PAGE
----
Just had to share! The LittleTractor snow-fighting team is officially 2/3rds functional! Got Wally for pushing snow, and I FINALLY got Littletractor’s blower to work again!
I changed the blower belt early in the fall, but didn’t actually DO a runtime test on it… So first big snowstorm shows up in November, I go and flip the PTO switch and BAM! Off pops the belt! Three times I’ve tried getting it to work since November, the first two when it popped off it twisted on the drive pulley so I had to actually pull the blower and reroute the belt… I could NOT figure it out! Everything spun freely, nothing was binding, no twists in the belt (at least, not until I hit the PTO)… Finally, today I got out to the garage for a couple hours because it was above -19 c out there, I pulled the blower off, pulled off the idler and the main drive pulley so I could reroute the belt AGAIN, put everything on, hit the switch and BAM! off pops the belt… Put the belt on, checked the routing around the mule drive and the PTO, everything looked like it should… Hit the switch and BAM! off pops the belt. THIRD time I put the belt on, I figured, screw it, I’m not going to take all the time to tighten up the mule drive like I usually do (usually wind it in about an inch and a half). Instead, I only tightened it about 1/2″. Fire up Littletractor, hit the switch, and [Insert chorus of singing angels here!] it SPINS!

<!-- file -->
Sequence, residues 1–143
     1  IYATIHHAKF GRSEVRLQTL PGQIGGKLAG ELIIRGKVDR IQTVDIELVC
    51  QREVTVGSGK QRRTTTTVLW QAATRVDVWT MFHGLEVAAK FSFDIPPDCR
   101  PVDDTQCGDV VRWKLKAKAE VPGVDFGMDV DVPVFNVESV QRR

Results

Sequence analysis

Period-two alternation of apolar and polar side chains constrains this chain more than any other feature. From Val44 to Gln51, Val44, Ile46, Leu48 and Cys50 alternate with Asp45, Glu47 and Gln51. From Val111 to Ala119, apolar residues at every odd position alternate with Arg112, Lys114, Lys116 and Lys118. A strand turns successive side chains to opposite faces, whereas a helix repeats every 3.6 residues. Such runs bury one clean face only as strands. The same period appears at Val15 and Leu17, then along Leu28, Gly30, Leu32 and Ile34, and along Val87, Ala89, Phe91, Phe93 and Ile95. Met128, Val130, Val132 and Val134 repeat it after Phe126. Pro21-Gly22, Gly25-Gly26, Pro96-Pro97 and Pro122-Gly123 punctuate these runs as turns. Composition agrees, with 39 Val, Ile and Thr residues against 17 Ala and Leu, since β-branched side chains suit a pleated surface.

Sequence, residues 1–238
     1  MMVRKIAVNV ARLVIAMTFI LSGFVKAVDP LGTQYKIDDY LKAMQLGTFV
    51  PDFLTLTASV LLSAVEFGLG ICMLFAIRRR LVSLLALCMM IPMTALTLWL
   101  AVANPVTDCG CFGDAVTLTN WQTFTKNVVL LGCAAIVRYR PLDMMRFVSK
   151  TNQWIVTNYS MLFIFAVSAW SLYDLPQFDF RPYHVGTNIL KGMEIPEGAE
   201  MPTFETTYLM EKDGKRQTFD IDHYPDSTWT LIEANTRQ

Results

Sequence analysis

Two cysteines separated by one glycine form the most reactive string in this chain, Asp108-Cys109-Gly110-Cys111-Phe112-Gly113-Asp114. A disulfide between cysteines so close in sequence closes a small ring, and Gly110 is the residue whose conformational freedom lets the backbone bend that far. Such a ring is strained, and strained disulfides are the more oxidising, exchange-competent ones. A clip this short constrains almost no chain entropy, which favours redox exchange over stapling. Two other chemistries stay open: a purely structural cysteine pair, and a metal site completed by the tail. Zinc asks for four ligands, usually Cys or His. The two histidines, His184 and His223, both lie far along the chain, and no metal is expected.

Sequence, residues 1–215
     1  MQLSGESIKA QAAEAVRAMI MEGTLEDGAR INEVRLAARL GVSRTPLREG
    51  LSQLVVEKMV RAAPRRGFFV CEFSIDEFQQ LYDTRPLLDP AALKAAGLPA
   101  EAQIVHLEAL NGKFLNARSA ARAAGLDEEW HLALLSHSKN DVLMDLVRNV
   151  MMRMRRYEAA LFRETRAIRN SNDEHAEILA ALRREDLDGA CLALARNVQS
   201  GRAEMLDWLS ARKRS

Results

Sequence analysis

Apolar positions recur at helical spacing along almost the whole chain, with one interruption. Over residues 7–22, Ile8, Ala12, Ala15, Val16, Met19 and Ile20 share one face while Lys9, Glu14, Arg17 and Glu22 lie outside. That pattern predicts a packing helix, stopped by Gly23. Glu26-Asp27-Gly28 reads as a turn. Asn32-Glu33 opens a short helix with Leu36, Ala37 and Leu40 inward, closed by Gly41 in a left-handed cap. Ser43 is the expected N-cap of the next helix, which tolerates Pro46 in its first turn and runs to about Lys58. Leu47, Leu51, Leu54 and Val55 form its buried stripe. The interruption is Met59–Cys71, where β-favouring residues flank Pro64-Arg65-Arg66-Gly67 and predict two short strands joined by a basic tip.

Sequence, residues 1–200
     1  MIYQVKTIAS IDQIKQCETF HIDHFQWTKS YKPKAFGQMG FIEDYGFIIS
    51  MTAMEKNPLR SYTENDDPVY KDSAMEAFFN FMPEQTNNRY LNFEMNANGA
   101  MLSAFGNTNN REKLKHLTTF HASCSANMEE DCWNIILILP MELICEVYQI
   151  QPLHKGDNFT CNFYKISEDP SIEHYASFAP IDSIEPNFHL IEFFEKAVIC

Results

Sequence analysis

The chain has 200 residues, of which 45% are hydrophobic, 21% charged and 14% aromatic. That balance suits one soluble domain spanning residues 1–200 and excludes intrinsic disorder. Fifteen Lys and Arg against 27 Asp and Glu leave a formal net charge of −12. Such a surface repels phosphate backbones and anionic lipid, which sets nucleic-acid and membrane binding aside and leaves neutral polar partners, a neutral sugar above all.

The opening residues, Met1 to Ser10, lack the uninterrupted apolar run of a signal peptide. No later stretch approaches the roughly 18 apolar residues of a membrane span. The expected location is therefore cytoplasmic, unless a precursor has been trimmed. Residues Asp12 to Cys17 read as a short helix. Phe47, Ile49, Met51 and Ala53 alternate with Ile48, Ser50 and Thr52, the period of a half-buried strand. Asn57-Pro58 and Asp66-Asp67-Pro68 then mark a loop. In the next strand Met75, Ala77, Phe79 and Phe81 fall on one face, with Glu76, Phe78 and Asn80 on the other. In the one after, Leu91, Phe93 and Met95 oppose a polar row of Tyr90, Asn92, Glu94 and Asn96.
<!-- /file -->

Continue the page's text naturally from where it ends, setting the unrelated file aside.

So the whole time since November, my problem has been that I’ve been tightening down the belt TOO MUCH! I knew my old one was stretched, because it tended to pop off a LOT, but I didn’t think it was THAT stretched! Took Littletractor out and cleaned off that patch of the neighbours’ sidewalk that I’d been avoiding because Wally’s blade gets bunged up between their hedge and the light post, and Little performed flawlessly!
Whoo hoo!! Woot, woot! I couldn’t be happier!
Well, okay, I COULD, but what it would involve is a valve job on Bror and the attachment of a certain front-end loader to him! THEN the LittleTractor snow removal team would be complete!
LTGal was out and about in town the other day, and snapped this pic of one of the buildings in our downtown warehouse district… This building is a warehouse that WAS until some months ago NOT accessible to the public at all, as it sat in the middle of a old rail yard… Urban renewal, the rail yard was relocated, a road was extended through the area, and suddenly this became visible… Obviously, judging by the name, this was one of the first buildings in town…
Here’s a bit more information about what’s theoretically happening with this building… Apparently, it was gifted to the U of S by the City in 2010, with thoughts of it becoming the new U of S School of Architecture.
As far as I know, it isn’t actually the University’s School of Architecture YET… And judging by the budget cuts our University is in the middle of, I’m suspecting that it isn’t happening….
Another picture, much earlier….
(Considering I work for the University, boy, I’d sure like to have an office there!)